"The penny dates back around 1400 years, mentioned in the laws of King Ine of Wessex (688-726). King Offa of Mercia introduced silver penny coins weighing 1/240 of a pound in weight, copying the denier from Charlemagne's empire. In about 735, Charlemagne's father – who had the amazing name Pepin the Short – introduced a system based on a pound of silver (livre tournois), divided into 20 solidi, each of which was worth 12 deniers, so there were 240 deniers to a pound of silver. This is the origin of the old expression LSD for our currency – the pound sign (£) is derived from a fancy gothic capital letter L, the "/" used to show shillings evolved from the old-fashioned "long s" which looks like an f, and pennies were represented by the letter d. Two shillings and 6 pence were written as 2/6d."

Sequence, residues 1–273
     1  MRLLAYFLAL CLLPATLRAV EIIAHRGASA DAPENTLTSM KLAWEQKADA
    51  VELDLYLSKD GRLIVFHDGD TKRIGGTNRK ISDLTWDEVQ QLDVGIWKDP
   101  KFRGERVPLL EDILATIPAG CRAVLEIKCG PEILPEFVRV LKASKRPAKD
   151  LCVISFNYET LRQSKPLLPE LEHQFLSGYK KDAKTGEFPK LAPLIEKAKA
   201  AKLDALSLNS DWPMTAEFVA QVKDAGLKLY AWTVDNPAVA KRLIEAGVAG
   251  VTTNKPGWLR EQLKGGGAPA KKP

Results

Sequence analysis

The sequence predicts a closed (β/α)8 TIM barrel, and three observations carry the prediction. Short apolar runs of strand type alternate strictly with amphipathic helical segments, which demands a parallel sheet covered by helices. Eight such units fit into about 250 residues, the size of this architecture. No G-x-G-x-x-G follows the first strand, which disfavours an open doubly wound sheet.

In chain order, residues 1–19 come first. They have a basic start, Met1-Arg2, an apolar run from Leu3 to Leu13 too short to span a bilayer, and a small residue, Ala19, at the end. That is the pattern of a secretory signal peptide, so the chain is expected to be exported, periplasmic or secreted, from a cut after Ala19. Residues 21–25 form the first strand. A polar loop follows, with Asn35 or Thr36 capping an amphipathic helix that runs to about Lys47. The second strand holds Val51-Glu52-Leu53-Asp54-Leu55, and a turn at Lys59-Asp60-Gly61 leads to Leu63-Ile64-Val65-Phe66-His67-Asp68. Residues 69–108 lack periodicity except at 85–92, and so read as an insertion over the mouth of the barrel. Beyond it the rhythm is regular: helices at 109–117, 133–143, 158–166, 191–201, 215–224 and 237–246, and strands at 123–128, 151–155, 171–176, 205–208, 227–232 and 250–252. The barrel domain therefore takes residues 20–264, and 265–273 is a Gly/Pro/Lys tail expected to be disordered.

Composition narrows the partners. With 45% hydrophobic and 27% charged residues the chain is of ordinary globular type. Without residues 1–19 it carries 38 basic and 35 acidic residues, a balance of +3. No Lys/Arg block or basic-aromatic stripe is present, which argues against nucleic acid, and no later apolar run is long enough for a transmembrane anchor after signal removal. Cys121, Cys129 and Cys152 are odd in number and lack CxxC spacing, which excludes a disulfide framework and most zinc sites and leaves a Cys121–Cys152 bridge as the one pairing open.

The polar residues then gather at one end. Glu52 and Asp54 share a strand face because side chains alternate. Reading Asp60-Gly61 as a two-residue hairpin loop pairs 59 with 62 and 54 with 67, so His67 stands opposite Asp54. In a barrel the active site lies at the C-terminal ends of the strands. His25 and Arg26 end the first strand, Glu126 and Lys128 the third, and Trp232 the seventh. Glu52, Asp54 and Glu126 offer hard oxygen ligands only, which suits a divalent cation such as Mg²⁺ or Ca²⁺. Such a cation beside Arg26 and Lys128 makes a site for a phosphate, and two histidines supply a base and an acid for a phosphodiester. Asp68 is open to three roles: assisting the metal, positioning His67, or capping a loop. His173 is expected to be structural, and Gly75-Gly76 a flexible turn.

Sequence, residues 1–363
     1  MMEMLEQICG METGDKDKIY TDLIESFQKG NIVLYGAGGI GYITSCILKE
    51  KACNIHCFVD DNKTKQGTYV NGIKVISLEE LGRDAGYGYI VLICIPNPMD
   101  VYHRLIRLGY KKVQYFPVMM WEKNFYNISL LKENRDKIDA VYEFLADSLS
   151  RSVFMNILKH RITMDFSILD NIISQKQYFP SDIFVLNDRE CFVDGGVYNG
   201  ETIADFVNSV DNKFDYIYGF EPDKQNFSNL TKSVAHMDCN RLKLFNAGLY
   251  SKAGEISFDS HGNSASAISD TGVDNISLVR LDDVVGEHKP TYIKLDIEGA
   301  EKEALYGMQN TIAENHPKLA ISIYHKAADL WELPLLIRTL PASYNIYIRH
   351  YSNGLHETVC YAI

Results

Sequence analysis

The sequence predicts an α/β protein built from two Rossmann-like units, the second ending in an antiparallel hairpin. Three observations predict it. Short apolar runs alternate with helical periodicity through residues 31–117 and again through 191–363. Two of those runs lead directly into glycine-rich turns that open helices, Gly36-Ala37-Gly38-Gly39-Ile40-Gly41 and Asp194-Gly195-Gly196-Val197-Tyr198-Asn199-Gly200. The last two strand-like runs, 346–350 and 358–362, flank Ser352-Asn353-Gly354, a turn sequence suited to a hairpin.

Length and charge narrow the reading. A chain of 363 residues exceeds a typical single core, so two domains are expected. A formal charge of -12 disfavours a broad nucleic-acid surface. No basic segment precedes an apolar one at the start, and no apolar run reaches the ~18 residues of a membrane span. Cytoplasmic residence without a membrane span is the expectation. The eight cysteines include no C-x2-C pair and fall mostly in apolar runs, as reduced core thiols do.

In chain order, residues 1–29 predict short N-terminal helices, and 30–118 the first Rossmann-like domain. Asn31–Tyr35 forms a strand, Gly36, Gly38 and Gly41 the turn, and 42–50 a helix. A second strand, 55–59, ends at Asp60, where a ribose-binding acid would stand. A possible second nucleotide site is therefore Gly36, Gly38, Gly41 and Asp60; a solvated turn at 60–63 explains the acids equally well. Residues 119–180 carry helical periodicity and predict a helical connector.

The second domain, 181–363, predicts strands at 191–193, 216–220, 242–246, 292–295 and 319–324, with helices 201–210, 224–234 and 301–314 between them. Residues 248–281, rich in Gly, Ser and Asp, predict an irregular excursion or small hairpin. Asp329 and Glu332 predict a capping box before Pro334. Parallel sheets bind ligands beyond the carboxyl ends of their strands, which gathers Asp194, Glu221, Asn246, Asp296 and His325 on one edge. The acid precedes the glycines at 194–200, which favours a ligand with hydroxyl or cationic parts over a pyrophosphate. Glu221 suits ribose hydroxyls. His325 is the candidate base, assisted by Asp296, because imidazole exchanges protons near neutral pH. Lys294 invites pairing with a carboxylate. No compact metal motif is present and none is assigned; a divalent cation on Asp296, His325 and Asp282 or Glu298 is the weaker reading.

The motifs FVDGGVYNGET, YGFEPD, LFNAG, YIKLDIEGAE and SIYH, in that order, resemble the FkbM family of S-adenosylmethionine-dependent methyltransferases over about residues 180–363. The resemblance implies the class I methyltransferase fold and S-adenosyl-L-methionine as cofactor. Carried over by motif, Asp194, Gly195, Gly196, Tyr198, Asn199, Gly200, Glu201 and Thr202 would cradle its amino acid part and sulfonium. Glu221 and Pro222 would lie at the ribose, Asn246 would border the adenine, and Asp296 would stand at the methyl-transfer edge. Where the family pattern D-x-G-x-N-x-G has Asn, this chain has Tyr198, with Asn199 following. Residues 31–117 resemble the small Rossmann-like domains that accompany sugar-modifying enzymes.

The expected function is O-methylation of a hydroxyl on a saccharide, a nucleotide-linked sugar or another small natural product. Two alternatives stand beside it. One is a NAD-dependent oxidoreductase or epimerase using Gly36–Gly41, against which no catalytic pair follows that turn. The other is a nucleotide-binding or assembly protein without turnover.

Joey? (I thought that was baby kangaroo.)
je ne vous comprends pas
Sat 2 Apr, 2016 07:49 am
But even I found the new system less versatile, less varied . And certainly less linguistically rich!
In German (mainly in Germany and Austria) we had had various terms from the past used for the current money ... before we got the Euro. Archaisms nowadays, but unknown to the younger generation even in the 80's/90's of last century.
I've been to England for the first time in 1963, as a fourteen year old. I had had no difficulties with the different money system (we've learnt that in school). But I was astonished that a Florin was two bob
Sat 2 Apr, 2016 09:36 am
Double n in thruppenny. Oops.
Also, there seemed to be two ways to pronounce thruppence.
One with the proper u sound, as in tub.
The other with a short oo sound, as in hood.